Liquid Biopsy accurately spots cancer cells in blood stream

Liquid Biopsy accurately spots cancer cells in blood stream
A new form of testing, called liquid biopsy, spots cancer cell presence long before traditional methodology used currently in UK hospitals, like CT scans.
The test, which is already used in prenatal studies on Down’s syndrome, works by detecting free-floating mutated DNA, which dying cancer cells release into the blood stream. A sample of blood is taken and the pathologists look for circulating cancer cells or simply for pieces of DNA from the tumour.
In a trial involving 100 lung cancer patients, the rise in blood tumour DNA was found months or even a year before relapse was officially diagnosed.
Checking for DNA fragments in a simple blood test allows Doctors to non-invasively screen for early stage cancers, to monitor for response to treatment and to monitor resistance to particular treatment. They could be used after surgery to see whether the cancer really has been completely removed.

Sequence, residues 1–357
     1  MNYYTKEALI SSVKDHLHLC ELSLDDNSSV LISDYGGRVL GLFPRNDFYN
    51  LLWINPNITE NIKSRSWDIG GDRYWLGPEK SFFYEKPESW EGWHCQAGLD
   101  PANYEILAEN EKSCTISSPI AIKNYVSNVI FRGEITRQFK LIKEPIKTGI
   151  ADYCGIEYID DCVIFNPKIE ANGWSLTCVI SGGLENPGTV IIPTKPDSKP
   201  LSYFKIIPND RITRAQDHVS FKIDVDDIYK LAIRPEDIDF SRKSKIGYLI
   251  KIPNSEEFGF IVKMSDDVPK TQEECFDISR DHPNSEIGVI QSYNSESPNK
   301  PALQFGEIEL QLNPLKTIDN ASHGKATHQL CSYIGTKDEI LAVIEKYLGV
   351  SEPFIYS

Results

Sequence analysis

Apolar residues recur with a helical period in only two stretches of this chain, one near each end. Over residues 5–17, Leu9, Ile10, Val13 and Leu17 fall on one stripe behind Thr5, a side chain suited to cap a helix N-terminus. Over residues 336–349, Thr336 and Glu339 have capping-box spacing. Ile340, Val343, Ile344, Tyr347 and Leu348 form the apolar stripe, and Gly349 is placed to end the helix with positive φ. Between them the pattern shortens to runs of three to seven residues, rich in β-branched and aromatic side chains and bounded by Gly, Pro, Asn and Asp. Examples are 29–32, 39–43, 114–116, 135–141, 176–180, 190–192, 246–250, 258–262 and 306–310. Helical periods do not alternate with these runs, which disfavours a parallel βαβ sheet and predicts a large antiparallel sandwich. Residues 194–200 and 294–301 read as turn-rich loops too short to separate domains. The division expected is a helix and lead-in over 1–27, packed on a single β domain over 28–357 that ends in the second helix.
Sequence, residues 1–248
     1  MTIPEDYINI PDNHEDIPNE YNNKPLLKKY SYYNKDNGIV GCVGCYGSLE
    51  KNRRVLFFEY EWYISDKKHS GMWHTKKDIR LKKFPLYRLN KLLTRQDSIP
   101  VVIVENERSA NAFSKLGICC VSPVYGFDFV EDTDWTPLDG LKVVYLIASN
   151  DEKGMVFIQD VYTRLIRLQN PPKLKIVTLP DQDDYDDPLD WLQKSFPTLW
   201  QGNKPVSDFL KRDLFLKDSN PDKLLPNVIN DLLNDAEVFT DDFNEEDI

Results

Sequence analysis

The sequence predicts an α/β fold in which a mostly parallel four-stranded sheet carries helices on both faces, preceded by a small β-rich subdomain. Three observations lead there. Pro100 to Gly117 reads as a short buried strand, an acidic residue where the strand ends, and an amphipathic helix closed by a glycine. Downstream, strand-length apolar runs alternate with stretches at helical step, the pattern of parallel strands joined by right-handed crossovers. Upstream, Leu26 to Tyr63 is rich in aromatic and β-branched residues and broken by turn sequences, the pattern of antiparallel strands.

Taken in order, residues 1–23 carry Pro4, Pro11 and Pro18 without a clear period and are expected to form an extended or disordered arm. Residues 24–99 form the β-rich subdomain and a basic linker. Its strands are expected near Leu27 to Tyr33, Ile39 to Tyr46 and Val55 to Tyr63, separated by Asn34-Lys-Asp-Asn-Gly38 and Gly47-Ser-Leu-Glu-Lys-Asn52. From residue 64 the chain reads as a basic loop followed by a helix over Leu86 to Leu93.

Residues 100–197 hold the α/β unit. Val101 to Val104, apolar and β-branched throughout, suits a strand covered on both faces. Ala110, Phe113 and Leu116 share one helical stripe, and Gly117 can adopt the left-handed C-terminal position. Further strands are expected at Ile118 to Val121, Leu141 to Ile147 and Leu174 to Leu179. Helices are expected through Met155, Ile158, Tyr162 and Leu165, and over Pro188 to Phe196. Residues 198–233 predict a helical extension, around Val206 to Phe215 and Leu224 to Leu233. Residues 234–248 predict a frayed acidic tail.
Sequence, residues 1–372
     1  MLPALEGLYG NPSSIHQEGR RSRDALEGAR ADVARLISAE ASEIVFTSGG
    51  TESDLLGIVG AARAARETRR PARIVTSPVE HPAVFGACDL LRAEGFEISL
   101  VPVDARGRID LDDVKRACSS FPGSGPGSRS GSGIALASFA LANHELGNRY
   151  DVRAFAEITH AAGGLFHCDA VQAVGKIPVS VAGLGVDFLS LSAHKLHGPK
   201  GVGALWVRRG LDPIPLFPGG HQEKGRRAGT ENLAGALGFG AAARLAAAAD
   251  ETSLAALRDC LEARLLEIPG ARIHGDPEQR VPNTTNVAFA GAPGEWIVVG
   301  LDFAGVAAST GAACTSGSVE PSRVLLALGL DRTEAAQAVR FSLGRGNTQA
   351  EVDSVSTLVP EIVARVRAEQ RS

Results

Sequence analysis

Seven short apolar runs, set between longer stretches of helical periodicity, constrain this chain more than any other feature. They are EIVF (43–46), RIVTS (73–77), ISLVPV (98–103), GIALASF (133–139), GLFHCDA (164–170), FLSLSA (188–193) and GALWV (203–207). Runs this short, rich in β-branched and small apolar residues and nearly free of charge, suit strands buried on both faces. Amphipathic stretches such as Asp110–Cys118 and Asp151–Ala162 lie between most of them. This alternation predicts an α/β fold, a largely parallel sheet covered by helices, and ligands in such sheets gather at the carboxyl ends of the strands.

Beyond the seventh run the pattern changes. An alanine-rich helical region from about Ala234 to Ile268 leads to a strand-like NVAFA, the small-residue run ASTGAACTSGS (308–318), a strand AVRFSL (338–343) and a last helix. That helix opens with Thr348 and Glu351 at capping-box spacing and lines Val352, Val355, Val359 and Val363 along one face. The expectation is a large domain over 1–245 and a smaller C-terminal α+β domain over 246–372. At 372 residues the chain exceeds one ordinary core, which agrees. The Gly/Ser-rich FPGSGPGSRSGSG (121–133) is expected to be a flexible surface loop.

Tests for circulating cancer cells, CTCs, have been around for a number of years, but Doctors rarely use them and patients have had to pay privately. The new tests for cell-free circulating tumour DNA, ctDNA, are causing far more excitement because the tell Doctors what is happening in real time to the tumour. 
This particular study was led by Professor Charlie Swanton of the Francis Crick Institute in London. The tests were 92 per cent accurate, and such genetic testing is likely to become the new norm in the future of cancer care.


2017 Research
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